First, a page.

Diversity & Inclusion

Miss Utah and the Equal Pay Act

by Boyd Byers

She didn’t win the crown, but Miss Utah, Marissa Powell, made the most news during the Miss USA pageant this summer. Her bungled response to a question about the gender pay gap went viral and was seen by millions on the Internet. But her response also generated serious discussion about equal pay. 

‘Create education better’

The question: “A recent report shows that in 40 percent of families with children, women are the primary earners, yet they continue to earn less than men. What does this say about society?”

Powell’s answer: “I think we can relate this back to education and how we are continuing to try to strive to . . . [long pause] figure out how to create jobs right now―that is the biggest problem. And I think, especially the men are, um, seen as the leaders of this and so we need to figure out how to create education better so that we can solve this problem.” Cringe.

Predictably, Powell’s epic fail lit up the Twitterverse and blogosphere, but she got a chance at Web redemption a few days later on the Today show. She told host Matt Lauer that the question was “confusing” to her, so he gave her a do-over. Powell’s new (scripted and rehearsed) answer was far better: “So this is not okay, it needs to be equal pay for equal work, and it’s hard enough already to earn a living and it shouldn’t be harder just because you’re a woman.”

Equal work = equal pay

The question posed to Miss Utah was prompted by the 50th anniversary of the Equal Pay Act (EPA). The EPA prohibits employers from paying employees of one gender lower wages than employees of the other gender for equal work in jobs that require equal skill, effort, and responsibility and that are performed in similar working conditions at the same establishment. However, the Act allows exceptions if an employer can show that wages are set in accordance with a seniority or merit system, a pay system that is based on quantity or quality of production, or any factor other than sex.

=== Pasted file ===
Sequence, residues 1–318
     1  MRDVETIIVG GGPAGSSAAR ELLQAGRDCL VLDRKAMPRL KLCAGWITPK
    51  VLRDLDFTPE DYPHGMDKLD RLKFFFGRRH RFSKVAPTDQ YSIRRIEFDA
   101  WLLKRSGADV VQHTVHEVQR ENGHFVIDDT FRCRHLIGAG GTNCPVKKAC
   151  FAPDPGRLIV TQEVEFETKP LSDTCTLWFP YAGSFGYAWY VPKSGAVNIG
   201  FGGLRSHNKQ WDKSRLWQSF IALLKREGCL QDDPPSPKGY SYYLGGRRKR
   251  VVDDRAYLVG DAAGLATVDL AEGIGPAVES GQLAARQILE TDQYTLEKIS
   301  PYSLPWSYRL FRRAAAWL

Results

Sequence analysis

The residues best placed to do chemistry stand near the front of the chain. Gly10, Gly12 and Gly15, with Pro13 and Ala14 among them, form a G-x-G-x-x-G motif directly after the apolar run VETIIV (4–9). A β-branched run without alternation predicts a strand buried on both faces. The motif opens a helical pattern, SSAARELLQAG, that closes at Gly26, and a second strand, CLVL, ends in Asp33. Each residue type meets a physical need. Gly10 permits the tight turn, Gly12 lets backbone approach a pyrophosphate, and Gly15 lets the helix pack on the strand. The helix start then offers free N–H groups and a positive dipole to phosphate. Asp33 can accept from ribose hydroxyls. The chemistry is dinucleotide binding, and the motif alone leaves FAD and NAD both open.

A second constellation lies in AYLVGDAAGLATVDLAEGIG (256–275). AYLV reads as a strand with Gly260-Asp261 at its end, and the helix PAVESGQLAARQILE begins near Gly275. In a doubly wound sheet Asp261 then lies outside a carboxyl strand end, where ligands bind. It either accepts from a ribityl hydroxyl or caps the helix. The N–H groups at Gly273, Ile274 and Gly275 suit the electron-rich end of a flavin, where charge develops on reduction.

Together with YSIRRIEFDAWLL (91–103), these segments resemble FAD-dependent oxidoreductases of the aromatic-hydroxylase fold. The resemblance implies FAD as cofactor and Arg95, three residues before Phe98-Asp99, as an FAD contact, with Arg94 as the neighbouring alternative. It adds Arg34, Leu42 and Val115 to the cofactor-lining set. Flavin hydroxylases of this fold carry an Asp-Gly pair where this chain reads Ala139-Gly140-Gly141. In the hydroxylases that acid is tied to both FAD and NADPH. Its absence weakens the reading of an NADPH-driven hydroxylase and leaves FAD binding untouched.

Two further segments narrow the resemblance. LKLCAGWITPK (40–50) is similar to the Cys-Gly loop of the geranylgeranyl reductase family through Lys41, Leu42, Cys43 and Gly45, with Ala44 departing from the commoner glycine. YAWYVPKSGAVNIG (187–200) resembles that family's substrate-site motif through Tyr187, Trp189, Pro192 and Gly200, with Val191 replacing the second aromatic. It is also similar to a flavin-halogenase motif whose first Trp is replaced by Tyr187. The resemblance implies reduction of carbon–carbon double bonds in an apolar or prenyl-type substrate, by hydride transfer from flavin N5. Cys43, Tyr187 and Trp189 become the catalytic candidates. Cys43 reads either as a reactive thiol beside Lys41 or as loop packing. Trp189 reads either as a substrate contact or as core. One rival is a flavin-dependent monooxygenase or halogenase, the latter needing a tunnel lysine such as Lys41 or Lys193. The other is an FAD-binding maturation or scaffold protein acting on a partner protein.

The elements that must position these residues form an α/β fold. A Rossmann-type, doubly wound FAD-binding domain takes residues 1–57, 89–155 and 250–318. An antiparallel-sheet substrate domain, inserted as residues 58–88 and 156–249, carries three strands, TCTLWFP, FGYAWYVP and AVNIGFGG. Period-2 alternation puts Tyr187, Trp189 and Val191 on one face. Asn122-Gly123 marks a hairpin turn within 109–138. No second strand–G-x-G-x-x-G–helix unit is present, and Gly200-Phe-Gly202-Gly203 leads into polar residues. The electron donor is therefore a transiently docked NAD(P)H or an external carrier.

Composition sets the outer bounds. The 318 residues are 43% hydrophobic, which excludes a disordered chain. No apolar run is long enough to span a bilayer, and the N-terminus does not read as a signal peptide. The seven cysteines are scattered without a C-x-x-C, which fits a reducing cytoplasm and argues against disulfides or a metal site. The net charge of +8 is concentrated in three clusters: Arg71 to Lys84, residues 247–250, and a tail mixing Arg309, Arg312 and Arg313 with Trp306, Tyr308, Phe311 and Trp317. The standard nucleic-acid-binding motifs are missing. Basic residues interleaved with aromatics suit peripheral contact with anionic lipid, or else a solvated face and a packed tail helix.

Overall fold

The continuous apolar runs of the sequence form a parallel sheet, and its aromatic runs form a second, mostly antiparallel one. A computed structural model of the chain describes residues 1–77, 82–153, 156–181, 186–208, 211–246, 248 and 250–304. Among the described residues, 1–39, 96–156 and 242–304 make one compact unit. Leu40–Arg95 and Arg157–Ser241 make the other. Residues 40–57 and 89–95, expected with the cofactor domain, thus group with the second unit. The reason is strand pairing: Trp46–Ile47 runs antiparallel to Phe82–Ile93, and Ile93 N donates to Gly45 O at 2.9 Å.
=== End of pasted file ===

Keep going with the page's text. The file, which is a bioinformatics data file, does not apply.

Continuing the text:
Unlike most discrimination laws, the EPA does not contain an intent requirement. Thus, an employer is strictly liable for wage disparities between similarly situated employees of different genders unless it can prove one of the four affirmative defenses. Employers may not reduce employees’ wages to comply with the EPA’s equal-pay requirement.

The U.S. Supreme Court has said that employers cannot justify paying women lower wages simply because they have traditionally received lower wages under the going market rate. Wage differentials that occur because women are willing to work for lower pay are unlawful.

Today, most employers know that it’s a no-no to pay men more than similarly situated women. But in the workplace, things that create gender pay gaps happen, sometimes unwittingly. Studies show that men are more likely to negotiate their starting salary or ask for a raise. That can cause significant pay disparities over time.

A different type of study published last year suggests that women may get smaller raises because managers believe they’ll handle it better than their male colleagues. “Research on stereotyping shows that people assume that women care more than men do about communality and belongingness and that men care more than women about their own attainment and self- interest,” the study’s author said. Thus, managers may think that women are better able to recognize the need for cutbacks and will not feel as personally offended as men if they receive small raises.

You can do several things to guard against pay disparities. Require HR to review and approve all pay decisions as a check on management. Periodically have an employment lawyer (under attorney-client privilege) audit pay practices to identify and help correct any inequalities. Finally, provide equal employment opportunity (EEO) training and guidance to managers and others who make pay decisions―or, as Miss Utah put it, “create education better.”

Boyd Byers is a partner with Foulston Siefkin LLP, practicing in the firm’s Wichita, Kansas, office. He may be contacted at bbyers@foulston.com.

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